On 20.09.2016 3:03, Xiaodi Wu via swift-evolution wrote:
I definitely think Vladimir's suggestion is a great starting point, IMO.

However, I think it could be improved in one key respect where previous
proposals using `override` are superior. Namely, the proposed `implement`
keyword adds no additional safety when a type implements a protocol
requirement that doesn't have a default implementation. This is because, if

Yes, *at the moment of writing* the type's code there could be no default implementation for protocol requirement. But, *at the moment of compilation* such default implementation could appear.

Let's discuss such scenario in case we'll take your suggestion:

You got SomeClass.swift file, 3rd party file you don't want to change or changes are not allowed. Content:

public protocol SomeProtocol {
        func foo()

public class SomeClass : SomeProtocol {
func foo() {...} // no default implementation *at the moment of writing*, no need in `overload`

Now, you adds SomeClass.swift file to your project and in some *other* file you write:

extension SomeProtocol {
        func foo() {...}

As you see, you don't control the SomeClass.swift but you suggest in this case should be defined with `override`.

With 'implement' will be marked initially and will save us if protocol's requirement PLUS default implementation changed.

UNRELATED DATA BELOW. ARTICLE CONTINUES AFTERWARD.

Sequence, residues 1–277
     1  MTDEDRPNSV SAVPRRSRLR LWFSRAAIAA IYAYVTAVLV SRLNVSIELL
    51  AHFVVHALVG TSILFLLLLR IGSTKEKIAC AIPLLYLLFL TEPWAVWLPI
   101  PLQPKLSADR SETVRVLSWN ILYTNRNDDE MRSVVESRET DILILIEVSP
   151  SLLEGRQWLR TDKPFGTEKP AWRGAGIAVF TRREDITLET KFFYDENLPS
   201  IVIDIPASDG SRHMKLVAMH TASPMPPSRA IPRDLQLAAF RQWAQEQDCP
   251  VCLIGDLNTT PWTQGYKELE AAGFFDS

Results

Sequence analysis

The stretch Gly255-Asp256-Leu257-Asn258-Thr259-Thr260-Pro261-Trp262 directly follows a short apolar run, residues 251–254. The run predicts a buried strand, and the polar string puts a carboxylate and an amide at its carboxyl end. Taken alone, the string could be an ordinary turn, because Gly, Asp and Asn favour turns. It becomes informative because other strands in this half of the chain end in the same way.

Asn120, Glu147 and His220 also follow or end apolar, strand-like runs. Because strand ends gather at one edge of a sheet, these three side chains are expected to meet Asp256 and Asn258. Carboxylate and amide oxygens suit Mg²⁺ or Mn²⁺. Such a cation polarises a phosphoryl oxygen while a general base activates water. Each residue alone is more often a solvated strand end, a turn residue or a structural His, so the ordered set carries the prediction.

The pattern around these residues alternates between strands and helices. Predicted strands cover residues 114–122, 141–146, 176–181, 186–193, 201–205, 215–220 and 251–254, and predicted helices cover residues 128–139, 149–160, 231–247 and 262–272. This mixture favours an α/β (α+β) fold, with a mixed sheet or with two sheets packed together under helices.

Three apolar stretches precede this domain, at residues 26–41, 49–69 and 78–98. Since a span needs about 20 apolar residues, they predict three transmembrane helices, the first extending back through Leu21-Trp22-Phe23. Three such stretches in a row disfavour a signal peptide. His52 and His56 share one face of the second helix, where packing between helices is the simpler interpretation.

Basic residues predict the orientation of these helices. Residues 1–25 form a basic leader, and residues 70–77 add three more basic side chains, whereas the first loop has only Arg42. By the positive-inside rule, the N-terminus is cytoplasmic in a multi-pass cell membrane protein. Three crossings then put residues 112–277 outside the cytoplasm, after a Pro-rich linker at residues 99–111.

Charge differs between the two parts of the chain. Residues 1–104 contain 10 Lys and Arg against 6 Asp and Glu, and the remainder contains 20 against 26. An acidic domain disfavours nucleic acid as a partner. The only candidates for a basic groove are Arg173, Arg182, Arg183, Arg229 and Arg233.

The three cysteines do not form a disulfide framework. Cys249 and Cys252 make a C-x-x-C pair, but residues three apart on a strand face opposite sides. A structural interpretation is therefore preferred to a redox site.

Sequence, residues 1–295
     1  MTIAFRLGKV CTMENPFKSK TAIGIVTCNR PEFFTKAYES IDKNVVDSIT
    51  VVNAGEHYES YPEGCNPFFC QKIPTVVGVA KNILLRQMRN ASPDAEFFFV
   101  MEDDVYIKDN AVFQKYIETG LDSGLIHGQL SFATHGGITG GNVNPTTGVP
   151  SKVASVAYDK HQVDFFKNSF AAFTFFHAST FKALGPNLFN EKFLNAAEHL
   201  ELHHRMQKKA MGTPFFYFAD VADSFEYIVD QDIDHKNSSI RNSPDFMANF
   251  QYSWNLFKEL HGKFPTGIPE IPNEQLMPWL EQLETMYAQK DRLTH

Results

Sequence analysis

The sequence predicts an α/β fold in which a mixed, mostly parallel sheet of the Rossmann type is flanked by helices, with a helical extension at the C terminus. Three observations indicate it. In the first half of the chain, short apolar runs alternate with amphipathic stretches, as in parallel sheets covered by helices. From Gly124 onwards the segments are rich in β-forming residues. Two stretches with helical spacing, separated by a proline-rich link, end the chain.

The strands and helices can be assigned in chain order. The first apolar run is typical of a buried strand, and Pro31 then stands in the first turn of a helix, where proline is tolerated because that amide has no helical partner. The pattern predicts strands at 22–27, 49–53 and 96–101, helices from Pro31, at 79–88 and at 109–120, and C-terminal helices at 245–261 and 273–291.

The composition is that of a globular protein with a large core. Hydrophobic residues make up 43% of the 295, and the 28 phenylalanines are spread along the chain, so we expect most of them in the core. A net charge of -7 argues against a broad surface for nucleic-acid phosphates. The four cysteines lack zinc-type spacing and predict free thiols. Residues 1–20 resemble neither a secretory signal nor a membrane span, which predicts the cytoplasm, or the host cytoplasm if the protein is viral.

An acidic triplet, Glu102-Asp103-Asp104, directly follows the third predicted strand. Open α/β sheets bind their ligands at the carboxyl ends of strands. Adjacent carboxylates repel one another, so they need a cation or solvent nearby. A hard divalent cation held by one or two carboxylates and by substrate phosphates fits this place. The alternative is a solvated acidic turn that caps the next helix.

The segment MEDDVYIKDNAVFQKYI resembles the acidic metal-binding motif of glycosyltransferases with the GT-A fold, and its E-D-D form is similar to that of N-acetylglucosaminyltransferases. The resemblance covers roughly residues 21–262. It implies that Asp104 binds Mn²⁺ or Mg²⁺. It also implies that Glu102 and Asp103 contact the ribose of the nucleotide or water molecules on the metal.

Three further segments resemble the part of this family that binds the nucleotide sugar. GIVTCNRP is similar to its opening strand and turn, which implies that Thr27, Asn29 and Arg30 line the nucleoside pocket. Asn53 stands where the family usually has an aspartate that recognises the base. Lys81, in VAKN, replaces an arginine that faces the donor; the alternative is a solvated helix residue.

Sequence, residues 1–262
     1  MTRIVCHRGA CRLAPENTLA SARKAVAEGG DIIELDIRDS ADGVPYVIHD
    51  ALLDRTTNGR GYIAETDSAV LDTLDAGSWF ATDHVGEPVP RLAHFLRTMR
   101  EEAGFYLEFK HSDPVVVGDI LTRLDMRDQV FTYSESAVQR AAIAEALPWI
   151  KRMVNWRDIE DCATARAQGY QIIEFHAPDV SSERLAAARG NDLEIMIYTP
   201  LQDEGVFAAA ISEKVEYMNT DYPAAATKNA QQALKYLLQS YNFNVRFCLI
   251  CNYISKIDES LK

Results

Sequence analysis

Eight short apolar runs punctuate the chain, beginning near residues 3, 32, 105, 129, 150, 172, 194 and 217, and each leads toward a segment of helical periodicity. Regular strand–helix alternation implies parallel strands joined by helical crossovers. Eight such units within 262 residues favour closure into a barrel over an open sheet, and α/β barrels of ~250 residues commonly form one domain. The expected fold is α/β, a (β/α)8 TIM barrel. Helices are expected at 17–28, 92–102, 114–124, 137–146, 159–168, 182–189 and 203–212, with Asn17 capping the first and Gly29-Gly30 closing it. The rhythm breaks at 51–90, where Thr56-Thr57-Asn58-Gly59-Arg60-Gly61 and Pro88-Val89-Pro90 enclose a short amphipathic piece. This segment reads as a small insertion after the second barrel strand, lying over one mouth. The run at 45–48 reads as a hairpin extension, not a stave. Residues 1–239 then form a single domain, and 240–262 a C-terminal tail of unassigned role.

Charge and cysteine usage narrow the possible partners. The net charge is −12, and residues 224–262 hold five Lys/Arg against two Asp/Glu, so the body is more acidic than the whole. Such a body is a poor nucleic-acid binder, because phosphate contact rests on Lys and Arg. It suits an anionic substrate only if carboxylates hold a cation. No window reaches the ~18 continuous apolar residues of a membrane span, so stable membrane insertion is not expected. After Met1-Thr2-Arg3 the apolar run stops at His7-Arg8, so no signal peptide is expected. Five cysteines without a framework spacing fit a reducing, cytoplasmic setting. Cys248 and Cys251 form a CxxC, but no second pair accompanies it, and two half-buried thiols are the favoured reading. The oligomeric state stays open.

there's a "near-miss" typo in the function signature, an error is already
generated at compile time because the type doesn't conform to the stated
protocol. Currently, the error is very unhelpful, but IMO that's a

Even, if `implement` will not add safety in case there is no default implementation of protocol's requirement *now*, it will add safety if you decide to add such default implementation at some point of time or in some other point of your project. And this `implement` will save us in this case, as you expresses your intention explicitly and compiler will check this.

straight-up bug; improving the diagnostics for that error can be done
without evolution.

On the other hand, if we require `implement`, the simplest use case of
conforming a type to a protocol with no default implementations would take
more effort but provide no benefit to justify that additional effort.

I don't believe the requirement to add just one word `implement` on the same line with method/prop declaration would take more effort to conform to protocol. I don't see see real big difference in these lines:

class Foo : Bar {
        func foo() {...}

class Foo : Bar {
        implement func foo() {...}

But I see that foo is a protocol requirement and compiler will help me with this. Also this add clarity when you read some one's code.

Moreover (I think a core team member has expressed this more elegantly in
the past), there's the philosophical point that POP represents the
theoretical process by which we discover and express our discovery that
certain types happen to share common semantic characteristics. In that
conception of POP, it would be backwards to declare a certain member as
fulfilling certain protocol requirements.

Well.. I do believe we need some golden middle between "theoretical process" and C++ ;-) I.e. we are discussing a real-word programming language, which we use to build low-level utils, web backend applications, macOS apps, iOS apps etc. IMO we need a balance between a shiny theory and ugly bugs we *will* have because this theory don't allow our compiler to help us.